The Economist seems to think “ A run is most likely within the next few weeks.”
They tell lies, to excuse wars that are in any case against all conventions and constitutions. Then we call them out on their lies, but we get punished or silenced or ignored or fed new lies while the war mechanics do all in their power keep their machinery going. But where does their power come from? They represents us. We need a new system, a way to monitor use of our delegated power to prevent abuse of our mandate.
From war we have acquired taxes and debt. Expenses on war and war preparation in the United States are now over half of federal discretionary spending, more than all other nations of the world combined, and more than at any time during the Cold War. Military spending increases, not with the need for military defense, but with the level of corruption in U.S. elections.
Decreasing in proportion to the rise in military spending are our civil liberties; our representative government; the balance of powers within the government; resistance to policies of warrantless spying, imprisonment without charge, torture, and assassination; and the health of our news media. The war machine has become the greatest destroyer of the natural environment we have. And the shifting of funding from all other areas to the military has had disastrous results in as many fields as we might choose to name.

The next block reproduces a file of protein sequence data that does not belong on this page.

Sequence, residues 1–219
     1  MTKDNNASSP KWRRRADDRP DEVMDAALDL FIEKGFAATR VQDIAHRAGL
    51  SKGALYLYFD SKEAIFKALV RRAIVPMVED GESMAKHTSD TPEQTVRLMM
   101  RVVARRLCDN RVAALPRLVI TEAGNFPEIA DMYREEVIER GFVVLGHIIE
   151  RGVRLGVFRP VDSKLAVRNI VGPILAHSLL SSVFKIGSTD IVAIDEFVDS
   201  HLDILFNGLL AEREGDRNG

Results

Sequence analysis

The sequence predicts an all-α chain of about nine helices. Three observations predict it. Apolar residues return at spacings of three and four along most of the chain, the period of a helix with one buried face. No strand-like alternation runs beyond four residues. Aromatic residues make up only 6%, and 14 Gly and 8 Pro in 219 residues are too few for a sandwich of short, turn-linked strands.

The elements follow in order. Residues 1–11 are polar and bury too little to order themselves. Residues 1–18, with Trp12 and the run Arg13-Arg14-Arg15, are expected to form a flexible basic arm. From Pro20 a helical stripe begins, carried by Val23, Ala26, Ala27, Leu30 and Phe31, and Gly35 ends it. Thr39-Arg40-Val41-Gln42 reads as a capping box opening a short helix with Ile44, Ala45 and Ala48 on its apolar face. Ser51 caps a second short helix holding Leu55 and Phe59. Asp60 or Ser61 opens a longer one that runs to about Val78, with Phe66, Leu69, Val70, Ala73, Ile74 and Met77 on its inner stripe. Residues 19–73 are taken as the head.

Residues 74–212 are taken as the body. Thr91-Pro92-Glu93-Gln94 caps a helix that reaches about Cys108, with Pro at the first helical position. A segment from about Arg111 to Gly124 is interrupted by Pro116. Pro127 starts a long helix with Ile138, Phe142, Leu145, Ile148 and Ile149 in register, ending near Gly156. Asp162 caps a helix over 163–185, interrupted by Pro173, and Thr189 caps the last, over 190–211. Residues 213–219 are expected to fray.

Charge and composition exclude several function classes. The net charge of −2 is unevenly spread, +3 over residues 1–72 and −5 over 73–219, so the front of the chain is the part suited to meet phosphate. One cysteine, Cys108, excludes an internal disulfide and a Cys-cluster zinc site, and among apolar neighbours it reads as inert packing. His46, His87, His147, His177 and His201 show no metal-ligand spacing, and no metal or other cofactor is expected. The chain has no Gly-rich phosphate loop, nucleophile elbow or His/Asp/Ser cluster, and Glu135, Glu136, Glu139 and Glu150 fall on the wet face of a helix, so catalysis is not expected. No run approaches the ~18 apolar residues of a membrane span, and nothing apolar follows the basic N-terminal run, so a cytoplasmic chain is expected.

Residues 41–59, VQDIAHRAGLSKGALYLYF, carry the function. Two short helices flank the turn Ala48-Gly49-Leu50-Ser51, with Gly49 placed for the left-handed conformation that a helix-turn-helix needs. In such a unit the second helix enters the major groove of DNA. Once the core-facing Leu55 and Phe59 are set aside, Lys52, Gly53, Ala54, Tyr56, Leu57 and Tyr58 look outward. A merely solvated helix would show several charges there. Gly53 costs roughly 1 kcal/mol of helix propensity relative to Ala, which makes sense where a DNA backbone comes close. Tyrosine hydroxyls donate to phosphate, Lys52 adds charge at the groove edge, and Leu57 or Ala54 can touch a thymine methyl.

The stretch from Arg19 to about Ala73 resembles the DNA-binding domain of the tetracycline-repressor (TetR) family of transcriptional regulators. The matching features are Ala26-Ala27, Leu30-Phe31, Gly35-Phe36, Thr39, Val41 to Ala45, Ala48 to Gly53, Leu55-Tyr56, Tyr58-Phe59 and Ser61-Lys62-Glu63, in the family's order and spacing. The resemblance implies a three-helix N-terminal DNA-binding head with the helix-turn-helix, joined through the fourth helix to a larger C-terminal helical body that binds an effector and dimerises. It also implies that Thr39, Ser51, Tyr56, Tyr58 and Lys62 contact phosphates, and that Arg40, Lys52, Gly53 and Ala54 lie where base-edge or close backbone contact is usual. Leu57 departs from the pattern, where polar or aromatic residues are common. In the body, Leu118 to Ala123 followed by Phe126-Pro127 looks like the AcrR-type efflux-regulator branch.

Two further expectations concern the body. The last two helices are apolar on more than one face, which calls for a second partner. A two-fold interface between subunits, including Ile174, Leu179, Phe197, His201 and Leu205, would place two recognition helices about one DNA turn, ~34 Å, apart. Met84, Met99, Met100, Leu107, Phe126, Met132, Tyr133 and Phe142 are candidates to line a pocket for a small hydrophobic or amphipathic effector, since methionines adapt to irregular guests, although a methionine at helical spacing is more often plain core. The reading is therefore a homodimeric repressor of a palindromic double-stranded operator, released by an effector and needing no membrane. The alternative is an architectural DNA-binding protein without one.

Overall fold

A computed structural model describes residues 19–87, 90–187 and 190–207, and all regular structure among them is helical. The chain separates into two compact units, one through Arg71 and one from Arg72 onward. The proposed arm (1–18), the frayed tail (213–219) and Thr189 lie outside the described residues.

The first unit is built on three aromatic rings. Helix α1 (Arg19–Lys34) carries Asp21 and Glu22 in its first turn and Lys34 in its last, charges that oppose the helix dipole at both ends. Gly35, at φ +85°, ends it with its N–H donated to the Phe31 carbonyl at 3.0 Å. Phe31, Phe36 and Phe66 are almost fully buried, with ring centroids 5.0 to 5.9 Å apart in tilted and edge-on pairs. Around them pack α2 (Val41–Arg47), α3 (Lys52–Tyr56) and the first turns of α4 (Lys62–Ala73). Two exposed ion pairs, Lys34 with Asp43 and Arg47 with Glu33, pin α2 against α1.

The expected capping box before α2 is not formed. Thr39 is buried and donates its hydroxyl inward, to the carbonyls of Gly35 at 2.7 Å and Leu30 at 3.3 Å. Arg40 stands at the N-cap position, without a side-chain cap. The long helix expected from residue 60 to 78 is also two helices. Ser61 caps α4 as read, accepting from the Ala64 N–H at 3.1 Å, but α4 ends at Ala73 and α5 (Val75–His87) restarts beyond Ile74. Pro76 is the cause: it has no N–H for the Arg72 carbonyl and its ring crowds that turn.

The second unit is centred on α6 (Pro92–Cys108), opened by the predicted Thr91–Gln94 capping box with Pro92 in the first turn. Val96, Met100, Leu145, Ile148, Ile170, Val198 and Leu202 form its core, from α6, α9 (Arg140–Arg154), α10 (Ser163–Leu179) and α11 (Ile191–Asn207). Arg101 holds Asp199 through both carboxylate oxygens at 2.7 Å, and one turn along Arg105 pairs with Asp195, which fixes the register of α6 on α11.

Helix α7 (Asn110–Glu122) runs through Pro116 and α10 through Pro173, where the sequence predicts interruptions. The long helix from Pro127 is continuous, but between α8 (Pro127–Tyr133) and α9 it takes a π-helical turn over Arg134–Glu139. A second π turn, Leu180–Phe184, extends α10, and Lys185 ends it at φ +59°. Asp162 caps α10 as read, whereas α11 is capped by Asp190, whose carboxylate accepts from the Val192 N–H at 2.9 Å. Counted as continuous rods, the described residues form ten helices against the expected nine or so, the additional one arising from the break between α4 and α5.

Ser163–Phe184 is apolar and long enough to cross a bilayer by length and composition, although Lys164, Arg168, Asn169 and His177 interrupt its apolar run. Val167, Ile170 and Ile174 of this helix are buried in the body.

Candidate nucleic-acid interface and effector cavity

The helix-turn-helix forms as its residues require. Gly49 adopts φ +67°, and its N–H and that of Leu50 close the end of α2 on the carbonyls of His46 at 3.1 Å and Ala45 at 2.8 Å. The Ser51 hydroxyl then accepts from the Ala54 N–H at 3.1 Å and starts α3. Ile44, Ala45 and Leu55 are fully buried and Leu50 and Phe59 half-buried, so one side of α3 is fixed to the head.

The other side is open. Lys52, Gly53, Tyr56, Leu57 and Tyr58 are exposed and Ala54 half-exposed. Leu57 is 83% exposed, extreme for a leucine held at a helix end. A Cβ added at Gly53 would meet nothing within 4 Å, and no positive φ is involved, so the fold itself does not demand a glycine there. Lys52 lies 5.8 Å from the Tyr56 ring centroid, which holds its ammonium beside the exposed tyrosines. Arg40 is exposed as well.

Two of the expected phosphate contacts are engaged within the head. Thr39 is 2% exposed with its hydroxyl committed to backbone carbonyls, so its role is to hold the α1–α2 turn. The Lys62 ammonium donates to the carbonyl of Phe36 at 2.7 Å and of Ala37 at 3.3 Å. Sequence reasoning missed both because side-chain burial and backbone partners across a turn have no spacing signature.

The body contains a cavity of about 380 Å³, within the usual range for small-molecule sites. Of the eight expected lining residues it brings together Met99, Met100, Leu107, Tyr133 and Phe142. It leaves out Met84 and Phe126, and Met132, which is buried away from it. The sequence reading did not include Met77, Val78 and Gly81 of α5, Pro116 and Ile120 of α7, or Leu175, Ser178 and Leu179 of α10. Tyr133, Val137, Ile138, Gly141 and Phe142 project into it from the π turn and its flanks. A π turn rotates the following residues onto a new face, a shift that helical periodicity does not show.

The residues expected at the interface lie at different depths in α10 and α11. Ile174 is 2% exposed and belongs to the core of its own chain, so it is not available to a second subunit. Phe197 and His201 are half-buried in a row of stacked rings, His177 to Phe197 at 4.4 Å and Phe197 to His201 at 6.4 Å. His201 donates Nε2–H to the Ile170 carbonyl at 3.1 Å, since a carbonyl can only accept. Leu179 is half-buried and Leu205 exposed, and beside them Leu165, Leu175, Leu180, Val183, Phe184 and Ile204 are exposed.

Kings had always been involving and impoverishing their peoples in wars, pretending generally, if not always, that the good of the people was their object. This, our Convention understood to be the most oppressive of all Kingly oppressions; and they resolved to so frame the Constitution that no one man should hold the power of bringing this oppression upon us.”–Abraham Lincoln
Prior to 2001, the Taliban was willing to turn Osama bin Laden over to a third country if he was promised a fair trial and no death penalty, and if some evidence of his guilt of crimes were offered. In 2001, the Taliban warned the United States that bin Laden was planning an attack on American soil. In July 2001 the United States was known to have plans to take military action against the Taliban by mid-October.
When the United States attacked Afghanistan on October 7, 2001, the Taliban again offered to negotiate for the handing over of bin Laden. When President George W. Bush refused, the Taliban dropped its demand for evidence of guilt and offered simply to turn bin Laden over to a third country. Bush rejected this offer and continued bombing. At a March 13, 2002, press conference, Bush said of bin Laden “I truly am not that concerned about him.”[i] When President Barack Obama announced, in May 2011, that he had killed bin Laden, the war didn’t even slow down.